13. To pass from one note to another with no perceptible cassation of sound.
  14. The descent of a mass of earth, rock, or snow down a hill or mountain side; as, a land slide, or a snow slide; also, the track of bare rock left by a land slide.
  15. To pass out of one's thought as not being of any consequence.

    [Obs. or Colloq.]

    With good hope let he sorrow slide. Chaucer.

    With a calm carelessness letting everything slide. Sir P. Sidney.

  16. A small dislocation in beds of rock along a line of fissure.

    Dana.
  17. A grace consisting of two or more small notes moving by conjoint degrees, and leading to a principal note either above or below.

    (b)
  18. A sound which, by a gradual change in the position of the vocal organs, passes imperceptibly into another sound.
  19. Same as Guide bar, under Guide.

    (b)
1828 Webster1844 Webster1913 Webster

Thank you for visiting!

  • Our goal is to try and improve the quality of the digital form of this dictionary being historically true and accurate to the first American dictionary. Read more ...
  • Below you will find three sketches from a talented artist and friend depicting Noah Webster at work. Please tell us what you think.
Divine Study
  • Divine StudyDivine Study
    Divine Study
Window of Reflection
  • Window of ReflectionWindow of Reflection
    Window of Reflection
Enlightening Grace
  • Enlightening GraceEnlightening Grace
    Enlightening Grace

96

712

80

775

119

785
Slide

SLIDE, verb intransitive preterit tense slid; participle passive slid, slidden.

1. To move along the surface of any body by slipping, or without bounding or rolling; to slip; to glide; as, a sled slides on snow and ice; a snow-slip slides down the mountain's side.

2. To move along the surface without stepping; as, a man slides on ice.

3. To pass inadvertently. Make a door and a bar for thy mouth; beware thou slide not by it.

4. To pass smoothly along without jerks or agitation; as, a ship or boat slides through the water.

5. To pass in silent unobserved progression. Ages shall slide away without perceiving.

6. To pass silently and gradually from one state to another; as, to slide insensibly into vicious practices, or into the customs of others.

7. To pass without difficulty or obstruction. Parts answ'ring parts shall slide into a whole.

8. To practice sliding or moving on ice. They bathe in summer and in winter slide

9. To slip; to fall.

10. To pass with an easy, smooth, uninterrupted course or flow.

SLIDE, verb transitive

1. To slip; to pass or put in imperceptibly; as, to slide in a word to vary the sense of a question.

2. To thrust along; or to thrust by slipping; as, to slide along a piece of timber.

SLIDE, noun

1. A smooth and easy passage; also, a slider.

2. Flow; even course.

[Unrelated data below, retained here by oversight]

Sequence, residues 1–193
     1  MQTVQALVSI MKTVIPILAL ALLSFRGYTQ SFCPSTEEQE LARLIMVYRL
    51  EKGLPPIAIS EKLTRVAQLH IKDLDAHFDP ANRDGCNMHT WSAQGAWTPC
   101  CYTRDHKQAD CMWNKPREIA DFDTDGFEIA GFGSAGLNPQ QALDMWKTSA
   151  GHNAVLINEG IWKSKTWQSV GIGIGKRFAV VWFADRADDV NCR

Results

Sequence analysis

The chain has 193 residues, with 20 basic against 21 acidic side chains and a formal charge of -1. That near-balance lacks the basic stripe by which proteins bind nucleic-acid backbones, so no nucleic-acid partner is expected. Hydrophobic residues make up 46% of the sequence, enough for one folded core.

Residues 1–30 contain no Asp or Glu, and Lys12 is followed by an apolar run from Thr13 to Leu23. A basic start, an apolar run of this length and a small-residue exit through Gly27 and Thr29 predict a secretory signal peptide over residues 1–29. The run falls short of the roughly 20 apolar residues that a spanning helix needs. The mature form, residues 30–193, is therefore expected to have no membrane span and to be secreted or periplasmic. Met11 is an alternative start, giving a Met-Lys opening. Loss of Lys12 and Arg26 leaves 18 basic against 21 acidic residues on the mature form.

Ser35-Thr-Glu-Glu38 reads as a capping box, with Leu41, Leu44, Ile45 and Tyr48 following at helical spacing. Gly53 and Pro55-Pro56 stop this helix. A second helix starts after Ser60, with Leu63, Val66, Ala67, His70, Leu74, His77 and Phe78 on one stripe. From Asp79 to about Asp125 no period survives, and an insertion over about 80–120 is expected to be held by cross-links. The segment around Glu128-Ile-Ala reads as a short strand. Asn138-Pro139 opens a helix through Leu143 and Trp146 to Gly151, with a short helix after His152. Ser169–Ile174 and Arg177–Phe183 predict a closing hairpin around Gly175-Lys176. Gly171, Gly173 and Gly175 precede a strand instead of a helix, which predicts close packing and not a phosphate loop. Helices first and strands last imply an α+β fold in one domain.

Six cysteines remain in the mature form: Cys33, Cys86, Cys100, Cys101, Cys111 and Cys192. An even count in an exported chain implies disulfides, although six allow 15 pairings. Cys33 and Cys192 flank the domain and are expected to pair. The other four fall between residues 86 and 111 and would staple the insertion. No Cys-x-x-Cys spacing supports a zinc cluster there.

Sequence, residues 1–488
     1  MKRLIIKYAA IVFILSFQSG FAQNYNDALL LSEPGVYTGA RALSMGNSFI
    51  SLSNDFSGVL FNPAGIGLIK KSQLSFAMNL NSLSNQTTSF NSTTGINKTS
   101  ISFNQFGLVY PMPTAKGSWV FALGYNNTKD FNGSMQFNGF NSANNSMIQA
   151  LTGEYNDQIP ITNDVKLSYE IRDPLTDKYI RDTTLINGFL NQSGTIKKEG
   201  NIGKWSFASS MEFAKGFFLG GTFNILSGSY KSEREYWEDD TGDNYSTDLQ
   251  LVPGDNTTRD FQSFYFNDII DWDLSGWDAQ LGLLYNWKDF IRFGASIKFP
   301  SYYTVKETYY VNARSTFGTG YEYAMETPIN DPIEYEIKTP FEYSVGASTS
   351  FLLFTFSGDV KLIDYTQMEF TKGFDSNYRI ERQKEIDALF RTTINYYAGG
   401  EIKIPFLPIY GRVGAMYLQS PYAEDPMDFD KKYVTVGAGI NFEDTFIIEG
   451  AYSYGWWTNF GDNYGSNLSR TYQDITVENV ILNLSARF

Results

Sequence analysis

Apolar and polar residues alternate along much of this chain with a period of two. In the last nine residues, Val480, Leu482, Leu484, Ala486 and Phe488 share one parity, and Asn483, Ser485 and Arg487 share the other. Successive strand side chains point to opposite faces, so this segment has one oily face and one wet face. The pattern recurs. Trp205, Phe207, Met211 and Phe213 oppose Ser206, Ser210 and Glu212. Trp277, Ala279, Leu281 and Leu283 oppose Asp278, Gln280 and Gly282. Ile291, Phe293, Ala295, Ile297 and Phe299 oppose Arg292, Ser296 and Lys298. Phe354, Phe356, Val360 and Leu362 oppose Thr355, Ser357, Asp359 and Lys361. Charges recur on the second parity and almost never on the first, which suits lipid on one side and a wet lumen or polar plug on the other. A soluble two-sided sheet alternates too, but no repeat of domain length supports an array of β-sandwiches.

Why 1828?

0
3
 


Keeping words and the meaning of those words the same. Not redefining what words mean.

— David (Bremerton, WA)

Word of the Day

importance

IMPORT'ANCE, n.

1. Weight; consequence; a bearing on some interest; that quality of any thing by which it may affect a measure, interest or result. The education of youth is of great importance to a free government. A religious education is of infinite importance to every human being.

2. Weight or consequence in the scale of being.

Thy own importance know.

Nor bound thy narrow views to things below.

3. Weight or consequence in self-estimation.

He believes himself a man of importance.

4. Thing implied; matter; subject; importunity. [In these senses, obsolete.]

Random Word

pungent

PUN'GENT, a. [L. pungens,pungo.] Pricking; stimulating; as pungent snuff.

The pungent grains of titillating dust.

1. Acrid; affecting the tongue like small sharp points; as the sharp and pungent taste of acids.

2. Piercing; sharp; as pungent pains; pungent grief.

3. Acrimonious; biting.

Noah's 1828 Dictionary

First dictionary of the American Language!

Noah Webster, the Father of American Christian education, wrote the first American dictionary and established a system of rules to govern spelling, grammar, and reading. This master linguist understood the power of words, their definitions, and the need for precise word usage in communication to maintain independence. Webster used the Bible as the foundation for his definitions.

This standard reference tool will greatly assist students of all ages in their studies.

No other dictionary compares with the Webster's 1828 dictionary. The English language has changed again and again and in many instances has become corrupt. The American Dictionary of the English Language is based upon God's written word, for Noah Webster used the Bible as the foundation for his definitions. This standard reference tool will greatly assist students of all ages in their studies. From American History to literature, from science to the Word of God, this dictionary is a necessity. For homeschoolers as well as avid Bible students it is easy, fast, and sophisticated.


Regards,


monte

{x:

Project:: 1828 Reprint










Hard-cover Edition

214

403

Compact Edition

196

153

CD-ROM

159

117

* As a note, I have purchased each of these products. In fact, as we have been developing the Project:: 1828 Reprint, I have purchased several of the bulky hard-cover dictionaries. My opinion is that the 2000-page hard-cover edition is the only good viable solution at this time. The compact edition was a bit disappointing and the CD-ROM as well.



[ + ]
Add Search To Your Site


Our goal is to convert the facsimile dictionary (PDF available: v1 and v2) to reprint it and make it digitally available in several formats.

Overview of Project

  1. Image dissection
  2. Text Emulation
  3. Dictionary Formatting
  4. Digital Applications
  5. Reprint

Please visit our friends:

{ourFriends}

Learn more about U.S. patents:

{ourPatent}

Privacy Policy

We want to provide the best 1828 dictionary service to you. As such, we collect data, allow you to login, and we want your feedback on other features you would like.

For details of our terms of use, please read our privacy policy here.

Page loaded in 3.234 seconds. [1828: 25, T:0]


1828 Noah Webster Dictionary

^ return to top
Back to Top